* Any views expressed in this opinion piece are those of the author and not of Thomson Reuters Foundation.Colombia still has a long way to go to change society's engrained belief that violence against women is somehow a woman's fault because of the way she dresses
It's perhaps the most famous restaurant in Colombia where the well-heeled go to enjoy a succulent steak, cocktails and dancing.
Near the capital Bogota, the Andres Carnes de Res restaurant, has made its owner, Andres Jaramillo, a household name and one of the best known businessmen and brands in Colombia.
So when Jaramillo criticised the victim of an alleged rape in the car park of his restaurant people listened.
"Let's consider what happens when a 20-year-old girl comes (to the restaurant) with her girlfriends, who is then left by her father in the hands of God. She's dressed in an overcoat and underneath it, has a mini-skirt on. Well, what's she playing at?" Jaramillo told local radio station, BluRadio.
His comments earlier this month sparked a backlash on social media and from women's rights campaigners.
"Remarks like the one by Andres Jaramillo only imply that a woman is to blame for being raped," Colombian senator Gloria Ramirez was quoted as saying in El Espectador newspaper.
Jaramillo's 'deplorable' remarks aren't a one-off but reflect widespread sexism and a culture of victim-blaming in cases of gender violence, El Espectador said in a recent editorial.
"Of course the problem with all of this is that unfortunately, the way in which Andres Jaramillo thinks is not simply an outburst in Colombia. On many occasions, that's the way in which sexual crimes against women in this country are conceived," the editorial said.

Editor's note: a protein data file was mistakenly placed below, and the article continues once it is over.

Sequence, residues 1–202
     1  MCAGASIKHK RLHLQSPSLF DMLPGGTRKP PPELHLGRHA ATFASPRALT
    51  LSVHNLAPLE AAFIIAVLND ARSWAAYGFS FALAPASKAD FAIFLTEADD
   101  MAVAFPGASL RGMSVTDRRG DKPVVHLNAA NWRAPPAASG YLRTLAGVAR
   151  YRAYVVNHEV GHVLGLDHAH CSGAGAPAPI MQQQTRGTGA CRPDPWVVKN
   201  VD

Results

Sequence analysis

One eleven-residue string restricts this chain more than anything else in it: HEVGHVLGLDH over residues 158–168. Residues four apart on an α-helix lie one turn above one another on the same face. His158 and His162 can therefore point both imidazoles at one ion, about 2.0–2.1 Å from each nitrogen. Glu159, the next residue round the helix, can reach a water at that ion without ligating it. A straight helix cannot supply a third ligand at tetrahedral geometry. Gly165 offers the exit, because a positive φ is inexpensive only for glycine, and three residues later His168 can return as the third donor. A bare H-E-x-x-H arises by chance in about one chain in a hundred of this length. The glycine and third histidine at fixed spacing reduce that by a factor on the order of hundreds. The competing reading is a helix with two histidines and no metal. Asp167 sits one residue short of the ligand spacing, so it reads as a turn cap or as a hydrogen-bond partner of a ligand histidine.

Colombia's presidential advisor on women's rights, Nigeria Renteria, also weighed in on the national debate following Jaramillo's comments.
"Such remarks result in a message that justifies sexual violence against women in that it places the responsibility on the young woman about the possible aggression against her because of the clothes she was wearing," Renteria said in a press statement.
Jaramillo has since apologised for his remarks.
"I would like to offer an apology to those women and men who were offended by my comments ... I emphatically reject any form of violence against women as I believe there's nothing that justifies it," he said in a press statement.
He then went on to say: "I love mini-skirts because beyond their esthetic, it's a way of expressing freedom."
Jaramillo has said he's cooperating fully with police investigating the alleged rape.
But his apology has done little to defuse the anger his comments have provoked.
Over the past weekend, dozens of women dressed in short dresses and mini-skirts protested outside one of Jaramillo's restaurants in north Bogota, holding placards saying, 'With a mini-skirt on or naked, respect women's bodies,' while chanting 'Andres, our body is not meat.'
Colombia's patriarchal society and macho culture has been blamed by local women's groups for normalising violence against women.
In 2011, 17,000 medical exams were carried out on women who had been victims of alleged sexual violence, according to Colombia's National Institute of Legal Medicine and Forensic Sciences.
But many incidents of sexual violence against women in Colombia go unreported. Little confidence in the criminal justice system, fear of reprisals from their aggressors and low prosecution rates for sexual violence cases prevents more women from coming forward and more cases going to court, rights groups say.
Rehardless of the outcome of the police investigation into the alleged rape in the restaurant car park, remarks like Jaramillo's show Colombia still has a long way to go to change society's engrained belief that violence against women is somehow a woman's fault because of the way she dresses.
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